The earthly perversion of the gospel

If this is Paul’s conception of the gospel, then it is little wonder that he is astonished, in v.6, that so many are quickly accepting a different version taught by the false teachers.  What is it exactly that is so twisted about this counterfeit gospel?  Basically, the message of Paul’s opponents or the Judaizers is that justification is by obedience to the law.  This is not to say that they did not believe in Jesus.  Their error was subtle and therefore all the more dangerous.  For the FT, like the Pharisees during Jesus’ earthly ministry, the blood of Jesus was not enough to ensure forgiveness of sins.  Therefore, they were insisting upon was obedience to ceremonial laws found in the OT, especially the rite of circumcision.  Their formula was Jesus plus our obedience.

Now, you may be wondering what is so wrong about abiding by God’s law in the OT?  The problem with OT ceremonial laws, such as circumcision and ritual sacrifice, is that they served a purpose for a limited time.  They were supposed to point forward to coming Messiah.  When Jesus did finally arrive, he fulfilled all of the OT laws: not only the ceremonial, but the judicial and moral laws as well.  He provided the final cleansing from sin symbolized in circumcision by being cut off by God in bloody judgment at the cross.  Therefore, for the false teachers to require circumcision for salvation is to in effect deny the atoning death of Jesus.  In essence, their teaching was no different from any self-help book or moral reformation program.  It was certainly popular – because we as prideful sinners like contribute to our salvation – and it got results – we can change on the outside if properly motivated – but it was powerless to take away sin.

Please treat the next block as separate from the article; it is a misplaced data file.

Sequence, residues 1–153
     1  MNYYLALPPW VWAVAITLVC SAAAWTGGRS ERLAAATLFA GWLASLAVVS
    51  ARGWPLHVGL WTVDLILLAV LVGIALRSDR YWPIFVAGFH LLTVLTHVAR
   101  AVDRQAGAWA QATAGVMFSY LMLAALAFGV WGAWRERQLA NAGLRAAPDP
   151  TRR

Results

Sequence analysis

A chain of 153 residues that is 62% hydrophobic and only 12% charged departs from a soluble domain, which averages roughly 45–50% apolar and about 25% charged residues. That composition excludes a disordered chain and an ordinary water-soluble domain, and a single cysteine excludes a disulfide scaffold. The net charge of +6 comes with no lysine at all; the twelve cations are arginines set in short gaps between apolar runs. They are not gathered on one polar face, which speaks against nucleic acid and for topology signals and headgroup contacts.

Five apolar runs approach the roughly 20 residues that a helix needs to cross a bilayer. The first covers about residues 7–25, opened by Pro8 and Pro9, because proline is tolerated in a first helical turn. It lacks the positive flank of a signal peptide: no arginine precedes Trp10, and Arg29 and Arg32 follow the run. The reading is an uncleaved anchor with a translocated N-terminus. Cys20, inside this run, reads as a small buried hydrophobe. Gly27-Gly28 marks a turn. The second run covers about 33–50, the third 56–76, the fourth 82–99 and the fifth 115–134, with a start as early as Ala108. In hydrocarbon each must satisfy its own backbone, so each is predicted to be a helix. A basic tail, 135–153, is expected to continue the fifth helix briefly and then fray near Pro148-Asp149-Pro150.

What or who are you trusting in?  The number of times you have shared the gospel?  Abstaining from certain foods and pleasures?  The latest devotional exercise regime?  Your progress in holiness?  Your victory over a certain sin? How do you view your baptism (NT replacement of circumcision)?  Is it about you and your pledge of faithfulness to God?  How about the Lord’s Supper?  Is it a time to clean up your act and offer up your holiness to God?  Are you, like the Galatians, tempted to mix law and gospel in order to be saved.

For Paul, the threat of false teaching that denied God’s grace was a threat to the gospel and the church, and therefore also a threat to his authority as an Apostle.  Paul had preached the pure gospel of grace to the Galatians, but now they were turning away from Christ and the Apostle who had introduced them to the faith.  Like any lover of Jesus, his gospel and his church, Paul could not stand by idly and watch as souls headed for destruction.  This would be a violation of his Apostolic calling.  So in vv 8-9, Paul issues the harshest possible judgment against the false teachers.

Paul’s stand against the world